- Paperback: 268 pages
- Publisher: Vintage Books / Random House (1985)
- Language: English
- ISBN-10: 067973225X
- ASIN: B002CKYN8G
- Product Dimensions: 7.9 x 5.1 x 0.8 inches
- Shipping Weight: 6.4 ounces
- Average Customer Review: 4.0 out of 5 stars See all reviews (22 customer reviews)
- Amazon Best Sellers Rank: #257,957 in Books (See Top 100 in Books)
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As I Lay Dying - Book Club Edition Paperback – 1985
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Top Customer Reviews
I'm not going to give the story away, but I will say that if you get confused to re-read because the book is not that big and quick to read once you get rolling. This was my second book by Faulkner that I have read. The previously mentioned The Sound and the Fury was much tougher and made As I Lay Dying much easier. Start here if you decide to read Faulkner; you will know soon if you want to read anymore of his works.
William Faulkner does a masterful job of writing this novel about a dying woman from the points of view of multiple characters. Each character has insight into the narrative and each is also grounded in his or her immediate reality, such as Cash’s list on building the coffin and Dewey Dells’ worries about her pregnancy. When mother Addie’s voice shows up for the first time, it is a startling moment but a welcome break from the family members, who are at this point focused on their own misery.
I wonder if perhaps there were too many points of view; I did get confused when names outside the family occasionally popped up and disappeared after the one chapter. The voices of neighbors offered oblique insight into the family, but the people the Bundren family meet along their journey don’t offer much except for judgment. I greatly admire Faulkner’s ability to change the syntax and diction with his characters. This reflects their personalities and ages. Cora for example speaks more lucidly and clearly than the younger sister, Dewey Dell, who does a fair amount of rambling to get her point across while still skirting the big issues.Read more ›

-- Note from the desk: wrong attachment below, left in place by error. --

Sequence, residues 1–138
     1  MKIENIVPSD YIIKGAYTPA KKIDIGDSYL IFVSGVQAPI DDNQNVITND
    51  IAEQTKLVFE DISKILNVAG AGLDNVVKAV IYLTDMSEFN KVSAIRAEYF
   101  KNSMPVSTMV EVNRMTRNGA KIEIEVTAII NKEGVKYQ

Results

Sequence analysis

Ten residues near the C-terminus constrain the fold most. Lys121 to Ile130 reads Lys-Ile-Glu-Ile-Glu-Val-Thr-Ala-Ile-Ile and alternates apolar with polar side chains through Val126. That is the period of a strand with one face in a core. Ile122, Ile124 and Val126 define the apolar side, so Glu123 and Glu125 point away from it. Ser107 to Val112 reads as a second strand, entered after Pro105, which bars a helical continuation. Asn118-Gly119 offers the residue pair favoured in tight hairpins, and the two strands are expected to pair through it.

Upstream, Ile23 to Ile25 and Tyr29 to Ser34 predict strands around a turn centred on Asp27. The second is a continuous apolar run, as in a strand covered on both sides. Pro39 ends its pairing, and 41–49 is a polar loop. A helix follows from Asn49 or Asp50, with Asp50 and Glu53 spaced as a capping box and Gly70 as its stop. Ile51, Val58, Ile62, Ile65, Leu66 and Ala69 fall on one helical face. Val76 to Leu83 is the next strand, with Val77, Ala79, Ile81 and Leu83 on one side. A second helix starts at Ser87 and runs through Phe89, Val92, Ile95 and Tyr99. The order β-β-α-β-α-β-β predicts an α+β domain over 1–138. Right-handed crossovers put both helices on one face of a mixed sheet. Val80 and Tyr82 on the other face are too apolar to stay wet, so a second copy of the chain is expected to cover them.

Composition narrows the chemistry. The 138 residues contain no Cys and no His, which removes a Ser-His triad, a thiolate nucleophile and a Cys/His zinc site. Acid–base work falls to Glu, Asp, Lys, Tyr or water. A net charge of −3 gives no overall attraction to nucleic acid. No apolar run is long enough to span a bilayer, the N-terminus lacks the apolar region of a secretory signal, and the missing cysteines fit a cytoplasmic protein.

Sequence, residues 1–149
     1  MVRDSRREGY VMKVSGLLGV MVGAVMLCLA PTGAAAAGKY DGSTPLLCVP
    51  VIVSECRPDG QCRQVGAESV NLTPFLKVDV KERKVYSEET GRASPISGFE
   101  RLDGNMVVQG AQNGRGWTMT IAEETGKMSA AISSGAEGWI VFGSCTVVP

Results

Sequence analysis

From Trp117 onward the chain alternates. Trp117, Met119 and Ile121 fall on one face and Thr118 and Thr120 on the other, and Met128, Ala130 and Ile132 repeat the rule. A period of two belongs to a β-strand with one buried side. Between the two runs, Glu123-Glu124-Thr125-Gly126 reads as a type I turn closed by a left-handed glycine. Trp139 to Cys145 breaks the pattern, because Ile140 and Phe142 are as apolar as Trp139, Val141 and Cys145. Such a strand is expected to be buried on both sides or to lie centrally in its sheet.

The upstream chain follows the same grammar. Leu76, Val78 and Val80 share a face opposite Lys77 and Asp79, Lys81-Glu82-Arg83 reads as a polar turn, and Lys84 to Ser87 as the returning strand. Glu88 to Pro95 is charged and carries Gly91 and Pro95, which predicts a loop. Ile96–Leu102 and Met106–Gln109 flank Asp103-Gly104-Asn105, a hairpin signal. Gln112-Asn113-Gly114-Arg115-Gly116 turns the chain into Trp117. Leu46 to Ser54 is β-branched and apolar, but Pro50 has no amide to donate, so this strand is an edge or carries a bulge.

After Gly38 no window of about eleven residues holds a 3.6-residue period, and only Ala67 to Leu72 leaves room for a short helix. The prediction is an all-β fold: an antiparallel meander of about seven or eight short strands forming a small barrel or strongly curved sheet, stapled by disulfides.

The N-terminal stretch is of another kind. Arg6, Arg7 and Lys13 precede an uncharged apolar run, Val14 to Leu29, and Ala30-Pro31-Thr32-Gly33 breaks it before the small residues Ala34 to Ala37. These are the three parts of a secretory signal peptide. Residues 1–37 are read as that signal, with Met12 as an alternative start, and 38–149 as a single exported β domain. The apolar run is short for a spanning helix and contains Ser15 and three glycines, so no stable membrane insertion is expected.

In "As I Lay Dying", William Faulkner paints a portrait of a very disturbed family set in his mythical country Yoknapatawpha County. The central character of the novel, Addie Bundren, demands the greatest scrutiny, because everything that happens to the family members is more or less a direct result of her. Each family member takes part in the journey to Jefferson to bury Addie's body, each for various reasons. Addie had a specific reason for this journey, making Anse promise he would bury her with her people, and we will see if her plans worked as she so desired. After she has been adequately examined, we will move onto the other family members. These include her sons Jewel, Vardaman, and Darl; her daughter Dewey Dell; her husband Anse.
Faulkner employed a stylistic instrument called `stream-of-consciousness' in this work. He is largely credited for its use in literature. There are fifty-nine sections, ranging from a single sentence (the infamous "My mother is a fish) to seven pages. Each section introduces a different narrator. Darl dominates the novel with nineteen of his own. Addie does not appear untill a little over halfway, acting as the center of a bicycle wheel that all the spokes flow into.Read more ›
Most Recent Customer Reviews
One of my favorite American works. While it can take a little while to get into the book, each chapter is from a different character's perspective, if you will allow yourself to... Read morePublished 18 months ago by Bukowski Black
This is a beautiful but difficult, sometimes harsh story line, well written by a old master.
The story line is difficult to piece together as the language is very difficult... Read more
My daughter is glad that we purchased this book online and saved some money for her college semester she cant wait to read itPublished on December 30, 2013 by Christina M. Helton
A slow start, but momentum keeps building through the whole book and has you racing towards the end. Read morePublished on November 22, 2013 by Hannah
The book itself was fine. Story was disjointed and confusing..im not sure why this is a classic. Not for my tastePublished on October 20, 2013 by Lisa M. Reeke